Reviews

“Uncommon Malta + Gozo ably presents Malta and its neighbouring island, Gozo, in a refreshingly different way to the usual travel agency billing of sea, sand and sun”

Domus

*** 

“Uncommon Stockholm is the essence of its name, with a distinctive and more personable take on guiding people to Stockholm and even providing residents – who don’t need a guide – an enjoyable and relatable read.”

Totally Stockholm     

*** 

“…writers, photographers, graphic designers describe the destination and how it is best experienced through art, maps and words.”

The Nordic Nomad

***

“Not just for tourists, this book is also relevant for residents- engaging, wistful and intimate, Uncommon Dubai is a celebration of this great city.”

Dubai Confidential

***

“Through personal journeys and local knowledge, Uncommon Stockholm attempts to bring the readers closer to the true life of the city”

Radar

***

“Uncommon Dubai takes readers on an intimate tour of the city, offering insights into the lives of some of its artistic residents through prose, poetry, illustration and photography”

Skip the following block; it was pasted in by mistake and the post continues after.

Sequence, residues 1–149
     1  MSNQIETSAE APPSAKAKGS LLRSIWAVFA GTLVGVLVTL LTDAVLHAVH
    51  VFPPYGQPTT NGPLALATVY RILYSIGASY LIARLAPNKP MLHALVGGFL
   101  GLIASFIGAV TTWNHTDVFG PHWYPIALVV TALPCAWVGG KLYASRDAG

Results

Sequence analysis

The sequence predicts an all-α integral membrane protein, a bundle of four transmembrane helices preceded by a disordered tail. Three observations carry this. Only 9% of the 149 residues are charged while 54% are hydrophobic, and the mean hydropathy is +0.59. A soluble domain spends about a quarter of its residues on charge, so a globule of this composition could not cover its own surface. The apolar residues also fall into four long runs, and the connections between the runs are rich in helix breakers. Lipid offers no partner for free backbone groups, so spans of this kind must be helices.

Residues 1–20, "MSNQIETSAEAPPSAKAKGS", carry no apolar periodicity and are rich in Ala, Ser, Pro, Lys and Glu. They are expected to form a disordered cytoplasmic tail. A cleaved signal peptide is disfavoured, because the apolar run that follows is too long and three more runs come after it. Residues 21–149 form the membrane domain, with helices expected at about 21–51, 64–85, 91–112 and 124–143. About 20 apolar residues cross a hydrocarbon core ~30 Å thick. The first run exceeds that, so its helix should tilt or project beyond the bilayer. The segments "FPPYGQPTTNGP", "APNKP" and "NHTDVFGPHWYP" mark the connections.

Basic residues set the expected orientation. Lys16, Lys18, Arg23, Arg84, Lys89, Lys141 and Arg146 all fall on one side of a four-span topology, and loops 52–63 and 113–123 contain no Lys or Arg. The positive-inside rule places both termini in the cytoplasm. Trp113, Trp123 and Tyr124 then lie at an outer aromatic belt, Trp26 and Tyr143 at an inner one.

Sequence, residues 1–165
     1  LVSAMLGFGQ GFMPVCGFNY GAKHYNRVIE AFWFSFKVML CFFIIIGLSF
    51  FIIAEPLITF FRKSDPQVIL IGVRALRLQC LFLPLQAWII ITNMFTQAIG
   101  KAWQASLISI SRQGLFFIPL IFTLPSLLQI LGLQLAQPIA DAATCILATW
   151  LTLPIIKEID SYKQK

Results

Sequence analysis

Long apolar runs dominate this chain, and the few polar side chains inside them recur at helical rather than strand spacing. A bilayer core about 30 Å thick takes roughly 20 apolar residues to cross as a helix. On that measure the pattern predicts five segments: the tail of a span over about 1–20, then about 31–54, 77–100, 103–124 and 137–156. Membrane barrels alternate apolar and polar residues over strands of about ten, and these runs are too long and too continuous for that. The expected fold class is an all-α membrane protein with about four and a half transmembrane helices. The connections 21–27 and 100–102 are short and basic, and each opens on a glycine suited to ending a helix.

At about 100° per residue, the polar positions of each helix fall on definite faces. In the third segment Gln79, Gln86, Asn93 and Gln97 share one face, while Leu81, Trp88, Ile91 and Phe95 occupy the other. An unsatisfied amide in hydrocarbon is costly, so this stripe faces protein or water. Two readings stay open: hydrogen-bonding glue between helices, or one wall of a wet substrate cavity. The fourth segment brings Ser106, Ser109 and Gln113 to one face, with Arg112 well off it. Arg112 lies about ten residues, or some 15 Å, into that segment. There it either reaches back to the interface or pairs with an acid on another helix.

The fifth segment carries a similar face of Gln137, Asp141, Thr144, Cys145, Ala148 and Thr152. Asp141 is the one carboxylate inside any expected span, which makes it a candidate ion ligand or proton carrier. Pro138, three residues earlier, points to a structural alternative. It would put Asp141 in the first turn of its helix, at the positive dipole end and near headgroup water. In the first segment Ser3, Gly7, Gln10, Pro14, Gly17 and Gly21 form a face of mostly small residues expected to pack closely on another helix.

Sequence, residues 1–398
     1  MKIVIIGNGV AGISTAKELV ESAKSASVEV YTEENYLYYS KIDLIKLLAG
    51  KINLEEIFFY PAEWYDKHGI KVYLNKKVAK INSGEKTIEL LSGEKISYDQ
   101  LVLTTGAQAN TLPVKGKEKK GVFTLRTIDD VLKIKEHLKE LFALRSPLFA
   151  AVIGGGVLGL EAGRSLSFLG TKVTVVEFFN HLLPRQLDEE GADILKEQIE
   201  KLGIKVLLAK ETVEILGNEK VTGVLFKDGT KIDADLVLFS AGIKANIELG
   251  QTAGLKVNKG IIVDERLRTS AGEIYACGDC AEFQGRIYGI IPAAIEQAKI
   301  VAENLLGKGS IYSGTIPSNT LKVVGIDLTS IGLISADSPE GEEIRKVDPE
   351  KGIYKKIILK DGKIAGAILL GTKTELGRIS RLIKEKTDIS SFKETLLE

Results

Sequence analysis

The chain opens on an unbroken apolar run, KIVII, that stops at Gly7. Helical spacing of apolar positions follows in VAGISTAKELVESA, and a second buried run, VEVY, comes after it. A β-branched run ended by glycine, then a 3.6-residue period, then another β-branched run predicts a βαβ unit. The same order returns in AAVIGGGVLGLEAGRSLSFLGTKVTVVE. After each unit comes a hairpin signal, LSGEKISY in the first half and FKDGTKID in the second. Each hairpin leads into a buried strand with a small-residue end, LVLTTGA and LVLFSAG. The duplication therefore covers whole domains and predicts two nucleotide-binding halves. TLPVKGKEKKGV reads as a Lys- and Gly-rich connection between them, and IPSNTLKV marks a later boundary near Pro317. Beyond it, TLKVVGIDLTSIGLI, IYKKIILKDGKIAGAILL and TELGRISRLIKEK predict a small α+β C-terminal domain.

Time out Dubai

***

“ …In these photos I actually recognize the Dubai and Cairo I know”

Arablit

***

“many of the stories [in Uncommon Dubai] are about connecting with Dubai’s diverse inhabitants, rather than simply admiring the view”

Vision

***

“Uncommon Mata + Gozo : An intimate novel bringing a passionate insight of various contributors and a distinctive design impression by resident British artist Jon Banthorpe. Triggering the mind of Emma Mattei, the culprit of this uncommon project, were writings like those in Granta publications, which are simple absent from the local scene.”

Redwhite

***

“To use the term guidebook would be to place it alongside Lonely Plant, DK and Rough Guides on the bookshelf, its rather an experience book, providing anecdotes of great experiences within the city.”

Cent magazine

***

“You’ll learn a lot. It’s a good book to tumble into while sitting in a park; to nudge a reverie on what London means to the reader; and to think again about those around us, and what uncommon stories they could tell”

Londonist